Hidden votes and shifting political winds have made tomorrow's Louisiana gubernatorial race more difficult to track than usual for J. Bradford Coker.
Since he started polling Louisiana voters last month, Coker, president of Mason Dixon Opinion Research Inc., of Columbia, has seen supporters of David Duke, the Republican and former Ku Klux Klan grand wizard, come out of hiding and then duck back under the polling radar again.
He has adjusted his surveys to account for Duke supporters who won't tell telephone pollsters their preference when the former Klansman is under fire on racial and religion issues.
And he's seen momentum swing back and forth right up to the last week of the campaign, with Democratic candidate Edwin Edwards now on the rise. It's the most difficult race to poll, he said, since he tracked Duke's unsuccessful run for the U.S. Senate last year.
"They can shift and you can't catch it because people are sensitive and careful about what they reveal, not only to pollsters but to their friends," said Coker, whose independent polling firm surveyed 30 state races last year and tracked major campaigns this year in Pennsylvania and Mississippi.
"I think if they held the election two weeks ago, Duke would have won," he said. "Since then, [the Edwards campaign has] pulled out everything except the kitchen sink to throw at Duke."
The poll taken in late October showed Edwards with a 46 to 42 percent lead. A survey taken Tuesday and Wednesday gave Edwards a more comfortable lead -- 49 to 42 percent, suggesting that the undecided vote has shifted to him.
Duke, 41, has appealed to many white Louisiana voters by telling them they get hurt by affirmative action and welfare programs. He has refined his speech to eliminate direct reference to race, in contrast to his days as a Klansman when he celebrated Adolph Hitler's birthday.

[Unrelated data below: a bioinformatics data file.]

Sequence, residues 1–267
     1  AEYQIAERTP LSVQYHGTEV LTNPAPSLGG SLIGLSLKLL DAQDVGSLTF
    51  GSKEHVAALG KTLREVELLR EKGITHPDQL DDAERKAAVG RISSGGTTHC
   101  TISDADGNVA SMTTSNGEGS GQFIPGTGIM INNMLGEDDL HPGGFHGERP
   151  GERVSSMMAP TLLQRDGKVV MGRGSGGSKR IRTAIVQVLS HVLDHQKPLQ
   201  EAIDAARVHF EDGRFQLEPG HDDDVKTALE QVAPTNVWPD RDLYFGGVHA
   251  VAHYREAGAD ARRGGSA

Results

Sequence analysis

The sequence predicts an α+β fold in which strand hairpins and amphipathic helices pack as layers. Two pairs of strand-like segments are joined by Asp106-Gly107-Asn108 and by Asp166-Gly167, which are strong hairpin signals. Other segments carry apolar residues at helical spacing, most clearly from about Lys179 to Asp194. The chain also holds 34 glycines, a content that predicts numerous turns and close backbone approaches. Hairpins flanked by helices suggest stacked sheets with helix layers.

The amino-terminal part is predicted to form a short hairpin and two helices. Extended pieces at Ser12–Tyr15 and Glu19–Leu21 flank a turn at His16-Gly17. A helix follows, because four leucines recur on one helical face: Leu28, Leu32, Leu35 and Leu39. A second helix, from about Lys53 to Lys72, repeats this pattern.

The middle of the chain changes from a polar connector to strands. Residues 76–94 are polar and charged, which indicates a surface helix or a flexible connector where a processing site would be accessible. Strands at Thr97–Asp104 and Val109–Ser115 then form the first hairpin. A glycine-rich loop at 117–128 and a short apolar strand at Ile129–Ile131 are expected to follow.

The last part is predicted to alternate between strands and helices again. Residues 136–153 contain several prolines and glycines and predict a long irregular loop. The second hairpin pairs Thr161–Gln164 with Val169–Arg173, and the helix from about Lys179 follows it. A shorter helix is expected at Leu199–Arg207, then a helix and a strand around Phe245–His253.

Edwards, 64, is a flamboyant former two-term governor of Louisiana who twice was indicted and twice was acquitted of corruption charges. He received solid black support in a three-way primary election that unseated incumbent Gov. Buddy Roemer, but he has a higher unfavorable rating than Duke among white Louisiana voters, according to a Mason Dixon poll.
Coker said Edwards has succeeded in shifting the debate from Duke's race-hate rhetoric of the past to the issue of whether he is qualified to govern a state. An allegation that Duke is not as religious as he claims also helped Edwards, he said.
Coker said his poll indicates that Edwards is more likely than Duke to win, but he hedges on making a prediction. He has contended that the former governor needed to reach 50 percent in the polls to be assured of victory because of Duke's stealth vote, and that hasn't happened.
"I'm not writing Duke off by any means," Coker said. "This is the classic anyone-can-win type of election."
David A. Bositis, an analyst with the Joint Center for Political and Economic Studies in Washington, expressed concern that even if Duke loses, he will become a force in national politics, possibly mounting a presidential campaign in 1992.
"Duke is not going to go away," Bositis said. "He's not going to disappear. He has a personality, a message, and appeal that resonates the discontent of a lot of people."